Paul Robinett

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Paul Robinett, known by his screen name Renetto, is an American vlogger and entrepreneur.[1] Robinett's videos have attracted over 56 million views, and his YouTube channel has over 38,000 subscribers.[2][3] His channel has been viewed over 3.9 million times.[3]

YouTube[edit]

Robinett began posting videos on YouTube in mid-2006.[4] Initially, he posted videos as the character "renetto", "a squeaky-voiced, intellectually challenged reviewer of others' YouTube videos."[5] Robinett released a video called "Diet Coke+Mentos=Human experiment: EXTREME GRAPHIC CONTENT" posted in August 2006, in which he placed a large quantity of Mentos in his mouth and drank Diet Coke at the same time, and implied that he suffered serious injury as a result.[2][5] The video received over one million views within 24 hours of being released.[5] In late 2006 he was ranked on YouTube's "most subscribed"(9th All Time) list.[6] Robinett was nominated for the first YouTube Video Awards.[7][8] He is also an official partner in YouTube's revenue sharing program. Robinett is based in Canal Winchester, Ohio, where he owned and ran a candle shop and now sells his own line of hand-signed, hand-poured candles. In September 2007 he announced his move and challenged YouTubers to find him,[3] and ended up in Ahwatukee, Phoenix, Arizona. He later returned to Ohio.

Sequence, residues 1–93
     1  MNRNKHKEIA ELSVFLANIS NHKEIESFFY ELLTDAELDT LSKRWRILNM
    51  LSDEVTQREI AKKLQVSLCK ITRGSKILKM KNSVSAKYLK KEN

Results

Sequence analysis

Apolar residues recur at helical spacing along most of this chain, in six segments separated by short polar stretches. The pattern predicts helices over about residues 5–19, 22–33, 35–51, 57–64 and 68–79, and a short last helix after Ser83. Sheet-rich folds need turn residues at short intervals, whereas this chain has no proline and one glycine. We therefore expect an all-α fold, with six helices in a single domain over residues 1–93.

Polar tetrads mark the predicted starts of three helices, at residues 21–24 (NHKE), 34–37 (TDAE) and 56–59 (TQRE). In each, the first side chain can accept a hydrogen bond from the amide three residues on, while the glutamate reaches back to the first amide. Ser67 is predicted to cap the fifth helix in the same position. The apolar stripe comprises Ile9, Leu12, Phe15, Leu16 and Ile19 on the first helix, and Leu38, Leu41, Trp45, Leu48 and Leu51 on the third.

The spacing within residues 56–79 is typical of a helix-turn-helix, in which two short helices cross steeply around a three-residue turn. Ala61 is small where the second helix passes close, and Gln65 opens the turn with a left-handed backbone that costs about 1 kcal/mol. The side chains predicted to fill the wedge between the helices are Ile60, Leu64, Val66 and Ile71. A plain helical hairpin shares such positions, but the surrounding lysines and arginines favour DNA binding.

See also[edit]

References[edit]

  1. ^ Tufnell, Nicholas (November 27, 2013). "The rise and fall of YouTube's celebrity pioneers". Wired. Retrieved September 18, 2017.
  2. ^ a b Sabine Pamperrien (December 7, 2008). "Ein Träumer. Ein Spieler. Ein Prediger (German)". Berliner Zeitung.
  3. ^ a b c Bob Tedeschi (February 26, 2007). "New Hot Properties: YouTube Celebrities". New York Times.
  4. ^ Kathryn Masterson (October 13, 2006). "YouTube all-stars". Chicago Tribune. Retrieved May 10, 2010.("Four months after starting to post videos on youtube Paul Robinett, known on Web as Renetto a Moby looking bald guy with thick black glasses was recognized...")
  5. ^ a b c Brian M. Carney (September 8, 2006). "Fact or Fiction? (article preview)". Wall Street Journal.
  6. ^ Peter Lauria (November 12, 2006). "Popular Posters Revolt Against Youtube". New York Post. Archived from the original on April 30, 2008.
  7. ^ Jake Coyle (March 19, 2007). "YouTube to Sponsor Video Awards Show". Washington Post / Associated Press.
  8. ^ "YouTube to present video awards". BBC News. March 19, 2007.

External links[edit]